Sweden still a bastion of Social Democrats

Sweden still a bastion of Social Democrats

In yesterday’s elections in Sweden, the anti establishment Sweden Democrats had the biggest gain, but is was not as big as expected. The Social Democrats and conservative Moderates both retreated, but are still pleased to retain their first and second position respectively. The question then remains: why didn’t Sweden follow the path of rest of Europe?


The Sweden Democrats (SD) won 17.6 percent of the votes, a considerable increase of 4.7 percentage points since last elections four years ago. At the same time, the Social Democrats received their worst result since the party first participated in elections in 1911. The party pulled in only 28.4 percent of the vote, falling back steadily from the golden age 20-70 years ago, when it ruled Sweden with an almost absolute majority.


The Social Democrats today are feeling relieved while the Sweden Democrats are talking about fraud and falsified elections. Why?


First of all because the polls ahead of the elections indicated that the Sweden Democrats would become second largest, or largest party in Sweden. Since polls in previous elections underestimated support for the party, this time speculations were that they would receive over 30 percent of the votes.


Second, the winds of change have surely been felt in Sweden. Even though the media still refers to the party as the “right wing extremist” Sweden Democrats, the epithet sounds worn out to most audiences. A considerable number of prominent writers and public figures have switched sides, coming out in support of the Sweden Democrats, or at least of restrained immigration.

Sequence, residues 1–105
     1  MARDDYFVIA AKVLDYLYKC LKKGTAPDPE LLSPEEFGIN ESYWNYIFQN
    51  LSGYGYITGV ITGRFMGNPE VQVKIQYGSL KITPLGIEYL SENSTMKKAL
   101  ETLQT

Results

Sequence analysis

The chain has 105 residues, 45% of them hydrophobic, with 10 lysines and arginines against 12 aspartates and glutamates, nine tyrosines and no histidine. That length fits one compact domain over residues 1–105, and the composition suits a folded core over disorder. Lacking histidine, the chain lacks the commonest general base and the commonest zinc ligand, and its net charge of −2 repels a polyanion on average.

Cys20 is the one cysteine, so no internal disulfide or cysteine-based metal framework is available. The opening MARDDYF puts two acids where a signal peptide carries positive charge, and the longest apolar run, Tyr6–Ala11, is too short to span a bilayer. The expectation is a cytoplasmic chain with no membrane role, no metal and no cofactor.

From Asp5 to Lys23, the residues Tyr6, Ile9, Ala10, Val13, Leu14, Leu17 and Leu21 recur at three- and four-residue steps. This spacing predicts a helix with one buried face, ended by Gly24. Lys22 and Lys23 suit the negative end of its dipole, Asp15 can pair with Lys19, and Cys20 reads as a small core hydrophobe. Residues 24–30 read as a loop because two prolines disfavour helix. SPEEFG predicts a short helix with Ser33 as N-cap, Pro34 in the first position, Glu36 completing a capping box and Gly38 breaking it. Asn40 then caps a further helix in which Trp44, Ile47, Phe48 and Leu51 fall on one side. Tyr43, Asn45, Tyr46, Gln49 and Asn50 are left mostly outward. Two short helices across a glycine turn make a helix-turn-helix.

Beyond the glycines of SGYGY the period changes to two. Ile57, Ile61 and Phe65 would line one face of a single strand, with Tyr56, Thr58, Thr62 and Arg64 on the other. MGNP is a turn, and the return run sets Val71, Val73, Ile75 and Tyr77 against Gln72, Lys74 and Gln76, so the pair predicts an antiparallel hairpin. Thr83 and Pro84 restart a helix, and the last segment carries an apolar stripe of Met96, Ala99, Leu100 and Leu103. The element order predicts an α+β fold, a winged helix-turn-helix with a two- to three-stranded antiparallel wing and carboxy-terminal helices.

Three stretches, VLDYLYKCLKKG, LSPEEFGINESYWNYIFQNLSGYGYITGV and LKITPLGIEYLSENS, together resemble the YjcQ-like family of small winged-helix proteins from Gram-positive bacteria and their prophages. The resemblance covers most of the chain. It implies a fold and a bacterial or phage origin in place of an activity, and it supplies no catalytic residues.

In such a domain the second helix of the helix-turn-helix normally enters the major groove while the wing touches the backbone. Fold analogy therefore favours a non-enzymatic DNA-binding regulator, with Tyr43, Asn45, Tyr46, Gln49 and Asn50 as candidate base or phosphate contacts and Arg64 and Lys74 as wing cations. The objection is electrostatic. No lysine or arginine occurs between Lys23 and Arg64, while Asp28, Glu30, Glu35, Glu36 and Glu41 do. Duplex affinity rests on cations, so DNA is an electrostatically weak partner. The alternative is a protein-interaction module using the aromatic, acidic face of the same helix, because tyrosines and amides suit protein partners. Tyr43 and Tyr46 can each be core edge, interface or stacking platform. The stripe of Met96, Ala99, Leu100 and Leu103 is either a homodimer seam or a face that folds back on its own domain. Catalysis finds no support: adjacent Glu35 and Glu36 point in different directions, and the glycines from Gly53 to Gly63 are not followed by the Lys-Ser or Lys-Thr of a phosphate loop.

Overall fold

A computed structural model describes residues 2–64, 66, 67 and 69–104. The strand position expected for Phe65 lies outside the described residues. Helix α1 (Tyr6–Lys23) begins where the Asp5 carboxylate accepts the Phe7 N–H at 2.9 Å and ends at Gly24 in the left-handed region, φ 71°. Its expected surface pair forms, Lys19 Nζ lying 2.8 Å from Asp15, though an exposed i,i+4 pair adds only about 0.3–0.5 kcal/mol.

The party has been boycotted by all the other parties in the parliament since it first entered parliament in 2010. They brand the anti establishment party as being racist, although the Sweden Democrats sport black candidates. The SD’s primary issue is lowering immigration levels to Europe, but at the same time they propagate an “open Swedishness”, which means that an immigrant can integrate and “become Swedish”.


After the elections of 2014, the socialist and the conservative block made an agreement called The December Contract, where the conservative block agreed not to vote against the socialist government in order to keep the SD from influence. This was perceived by many as undemocratic which led to even greater anti establishment sentiment, with the SD rising in the polls.